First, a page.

The various knobs have a smooth action with just the right amount of resistance and the larger volume control knob gives good accuracy and precision when adjusting the output level. The buttons, which light when active, also have a pleasingly solid build and action, but feel slightly scratchy compared to the smooth movement of the knobs. It’s all very intuitive to use, too and Audient is to be commended for the clarity of the control layout, as well as the ease with which things like headphone source and sub enabled/disabled state are managed.
If you use powered monitors, which I’m guessing many of you do, it isn’t always easy to hook a sub into the monitoring setup, and if you have more than one monitor system then it can become even fiddlier, so Nero’s inclusion of a dedicated sub output is a godsend. Not only does it make it simple to get a sub hooked up, it also allows you to share that sub with any of your monitoring setups, or to leave it out altogether and allows you to quickly enable or disable it when needed.
One slightly peculiar thing that Nero does is it attenuates the input signal quite markedly, even when its output volume control is set to full. This is intentional, as it serves to give a more evenly progressive increase in volume from the master volume knob, without high volumes being clustered at the upper-end of the knob’s rotation. It also serves to protect your monitors from unintentionally loud signals and the like. Audio quality and fidelity are completely unaffected by this, though… and it’s simple enough to work around in one way or another.
While not the only device of its type on the market, Nero is up there with the best of them. It has a good build quality with reassuringly solid buttons and knobs and the inclusion of digital inputs supporting up to 192kHz/24-bit signals is a really useful addition, too. In comparison to similar products, it both looks and feels more ‘console-y’ and, other than its unalterable input attenuation, it is completely transparent in terms of sound quality and tonal balance. Nero does exactly what it needs to do and does it well.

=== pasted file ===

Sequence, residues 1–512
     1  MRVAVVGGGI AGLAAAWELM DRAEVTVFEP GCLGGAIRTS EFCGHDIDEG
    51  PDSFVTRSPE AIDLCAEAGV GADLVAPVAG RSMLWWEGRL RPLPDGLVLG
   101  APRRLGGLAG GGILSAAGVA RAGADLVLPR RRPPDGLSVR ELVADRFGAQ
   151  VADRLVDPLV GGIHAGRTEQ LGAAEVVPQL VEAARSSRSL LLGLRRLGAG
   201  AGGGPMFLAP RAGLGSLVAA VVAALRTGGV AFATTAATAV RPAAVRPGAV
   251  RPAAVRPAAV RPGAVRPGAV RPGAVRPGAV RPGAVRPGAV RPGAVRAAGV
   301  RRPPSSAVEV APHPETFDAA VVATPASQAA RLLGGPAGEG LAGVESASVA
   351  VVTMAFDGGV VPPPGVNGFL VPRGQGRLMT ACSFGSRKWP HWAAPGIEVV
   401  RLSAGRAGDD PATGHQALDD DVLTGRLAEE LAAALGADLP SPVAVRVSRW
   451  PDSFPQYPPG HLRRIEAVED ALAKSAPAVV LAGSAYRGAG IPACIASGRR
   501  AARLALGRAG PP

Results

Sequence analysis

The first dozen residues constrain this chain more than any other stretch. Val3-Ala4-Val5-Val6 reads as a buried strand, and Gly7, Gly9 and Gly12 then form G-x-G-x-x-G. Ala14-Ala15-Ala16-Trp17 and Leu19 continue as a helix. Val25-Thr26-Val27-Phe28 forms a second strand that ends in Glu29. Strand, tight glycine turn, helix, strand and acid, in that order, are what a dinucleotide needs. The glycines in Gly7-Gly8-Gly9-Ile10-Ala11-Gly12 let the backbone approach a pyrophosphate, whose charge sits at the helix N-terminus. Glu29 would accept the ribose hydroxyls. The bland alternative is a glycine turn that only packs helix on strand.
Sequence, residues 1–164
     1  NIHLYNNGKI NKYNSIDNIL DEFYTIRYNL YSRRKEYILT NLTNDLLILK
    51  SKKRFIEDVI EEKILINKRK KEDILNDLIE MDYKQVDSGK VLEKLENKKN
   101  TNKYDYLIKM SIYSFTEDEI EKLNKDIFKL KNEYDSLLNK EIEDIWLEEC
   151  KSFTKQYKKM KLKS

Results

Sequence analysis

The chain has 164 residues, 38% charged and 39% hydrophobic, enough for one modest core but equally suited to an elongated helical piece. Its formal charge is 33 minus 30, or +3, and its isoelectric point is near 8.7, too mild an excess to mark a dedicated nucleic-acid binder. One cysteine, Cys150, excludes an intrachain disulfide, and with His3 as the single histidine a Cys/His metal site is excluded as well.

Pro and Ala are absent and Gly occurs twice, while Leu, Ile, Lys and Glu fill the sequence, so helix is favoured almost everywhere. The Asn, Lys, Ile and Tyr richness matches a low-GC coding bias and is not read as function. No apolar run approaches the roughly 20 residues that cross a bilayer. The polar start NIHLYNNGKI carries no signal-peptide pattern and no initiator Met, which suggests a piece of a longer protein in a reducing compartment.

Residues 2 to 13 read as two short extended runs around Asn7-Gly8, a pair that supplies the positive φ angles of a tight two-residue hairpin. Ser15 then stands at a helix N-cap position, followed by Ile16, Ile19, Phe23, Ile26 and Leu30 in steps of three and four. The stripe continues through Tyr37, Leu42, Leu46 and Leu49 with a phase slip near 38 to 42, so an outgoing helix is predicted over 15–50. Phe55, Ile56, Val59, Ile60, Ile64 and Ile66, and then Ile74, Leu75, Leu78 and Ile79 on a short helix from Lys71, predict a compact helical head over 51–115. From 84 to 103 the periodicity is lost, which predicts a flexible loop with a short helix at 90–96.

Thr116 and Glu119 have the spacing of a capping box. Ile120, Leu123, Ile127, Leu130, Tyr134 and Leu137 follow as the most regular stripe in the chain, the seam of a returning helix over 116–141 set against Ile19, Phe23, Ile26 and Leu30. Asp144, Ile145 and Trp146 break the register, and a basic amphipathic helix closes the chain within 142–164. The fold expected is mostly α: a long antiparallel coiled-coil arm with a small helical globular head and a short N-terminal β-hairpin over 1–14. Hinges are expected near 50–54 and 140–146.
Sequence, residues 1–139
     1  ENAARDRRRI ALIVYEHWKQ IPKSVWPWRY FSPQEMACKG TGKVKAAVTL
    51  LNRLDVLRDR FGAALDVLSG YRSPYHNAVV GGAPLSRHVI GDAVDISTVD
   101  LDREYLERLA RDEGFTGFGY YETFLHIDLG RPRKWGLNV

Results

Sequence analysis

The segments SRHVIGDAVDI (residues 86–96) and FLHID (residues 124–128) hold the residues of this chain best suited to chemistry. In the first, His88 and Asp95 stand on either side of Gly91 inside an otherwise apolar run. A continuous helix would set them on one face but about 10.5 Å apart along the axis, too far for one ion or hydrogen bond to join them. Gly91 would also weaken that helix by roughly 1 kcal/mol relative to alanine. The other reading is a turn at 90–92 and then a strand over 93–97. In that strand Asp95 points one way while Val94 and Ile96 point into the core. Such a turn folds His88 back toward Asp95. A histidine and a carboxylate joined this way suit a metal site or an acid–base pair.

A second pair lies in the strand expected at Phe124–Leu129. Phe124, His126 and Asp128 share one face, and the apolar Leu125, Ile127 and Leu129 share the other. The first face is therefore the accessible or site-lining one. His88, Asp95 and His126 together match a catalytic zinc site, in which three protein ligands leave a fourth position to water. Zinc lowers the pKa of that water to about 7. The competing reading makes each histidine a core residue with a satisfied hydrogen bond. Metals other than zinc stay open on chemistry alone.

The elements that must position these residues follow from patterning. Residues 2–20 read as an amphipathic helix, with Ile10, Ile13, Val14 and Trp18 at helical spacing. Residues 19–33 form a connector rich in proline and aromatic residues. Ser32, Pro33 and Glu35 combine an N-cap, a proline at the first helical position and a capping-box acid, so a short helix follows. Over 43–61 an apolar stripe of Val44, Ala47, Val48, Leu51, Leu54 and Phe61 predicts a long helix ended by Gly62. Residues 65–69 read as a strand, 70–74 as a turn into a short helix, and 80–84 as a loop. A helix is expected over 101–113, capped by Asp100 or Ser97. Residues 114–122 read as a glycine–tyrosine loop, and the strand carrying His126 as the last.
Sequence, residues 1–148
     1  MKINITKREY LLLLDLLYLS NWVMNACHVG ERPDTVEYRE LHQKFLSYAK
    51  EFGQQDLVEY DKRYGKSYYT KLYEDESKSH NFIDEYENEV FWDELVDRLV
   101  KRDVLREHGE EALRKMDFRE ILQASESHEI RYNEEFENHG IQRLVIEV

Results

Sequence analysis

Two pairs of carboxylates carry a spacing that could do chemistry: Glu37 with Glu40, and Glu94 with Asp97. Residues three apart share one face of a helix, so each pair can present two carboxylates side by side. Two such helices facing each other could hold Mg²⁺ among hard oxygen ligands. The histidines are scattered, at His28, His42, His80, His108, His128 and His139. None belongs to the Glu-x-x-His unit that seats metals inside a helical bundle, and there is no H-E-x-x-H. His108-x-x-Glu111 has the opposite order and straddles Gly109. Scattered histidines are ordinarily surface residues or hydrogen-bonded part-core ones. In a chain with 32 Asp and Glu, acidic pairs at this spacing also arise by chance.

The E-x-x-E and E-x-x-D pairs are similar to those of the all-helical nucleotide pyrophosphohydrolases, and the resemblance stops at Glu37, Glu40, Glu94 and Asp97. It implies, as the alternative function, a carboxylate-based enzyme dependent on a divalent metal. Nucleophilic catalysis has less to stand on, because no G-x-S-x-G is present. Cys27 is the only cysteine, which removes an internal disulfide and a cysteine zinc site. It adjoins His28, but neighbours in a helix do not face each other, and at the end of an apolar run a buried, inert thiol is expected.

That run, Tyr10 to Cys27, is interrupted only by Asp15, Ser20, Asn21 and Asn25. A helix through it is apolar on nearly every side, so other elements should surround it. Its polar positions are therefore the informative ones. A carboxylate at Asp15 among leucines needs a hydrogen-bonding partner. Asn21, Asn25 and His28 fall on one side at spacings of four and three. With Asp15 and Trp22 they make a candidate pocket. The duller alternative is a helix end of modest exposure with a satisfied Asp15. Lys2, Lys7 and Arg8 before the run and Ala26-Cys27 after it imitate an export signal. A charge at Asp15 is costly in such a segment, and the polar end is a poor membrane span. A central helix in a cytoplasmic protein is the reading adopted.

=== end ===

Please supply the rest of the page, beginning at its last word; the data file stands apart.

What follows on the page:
Do I really need this?
In a traditional studio, with separate control room and live area, and both nearfield and midfield monitoring, some sort of monitor routing and control is practically essential. Although some DAWs have features geared towards this area of the studio – most notably Cubase and Nuendo’s Control Room feature – these can be a bit clumsy to work with when compared to a console-style monitor section.
This is where a hardware monitor controller like Nero comes to the rescue. Almost by definition, this sort of hardware introduces a whole new cluster of cabling to strap down and manage and some may find this to be more trouble than it’s worth. But if you’re after some console-style monitor control and routing, then Nero will be an excellent and satisfying choice.
- Up-to four monitor sources
- Two monitor outputs, cue output and four headphone outputs
- Subwoofer output can be enabled/disabled independently of monitor selection
- Digital input via optical or coaxial S/PDIF
- Each headphone output can be driven from any source
- Built-in talkback mic, with option to connect own mic
- Good build quality and solid-feeling controls
- Just like using a console-style monitor section
The Monitor Station V2 is very similar to Nero, although has a less ‘classic console’ look and lacks Nero’s optical input and independent sub output. What it does have over Nero, though, is per-output user control over the amount of attenuation applied to the monitor outputs.
The Crimson 3 is actually a desktop USB audio interface that includes various monitoring functions, with controls for managing those functions on the top panel. By being an audio interface at heart, Crimson 3 won’t slot in to an existing DAW setup, but an all-in-one solution has its advantages.
Get the latest news, reviews and tutorials to your inbox.Subscribe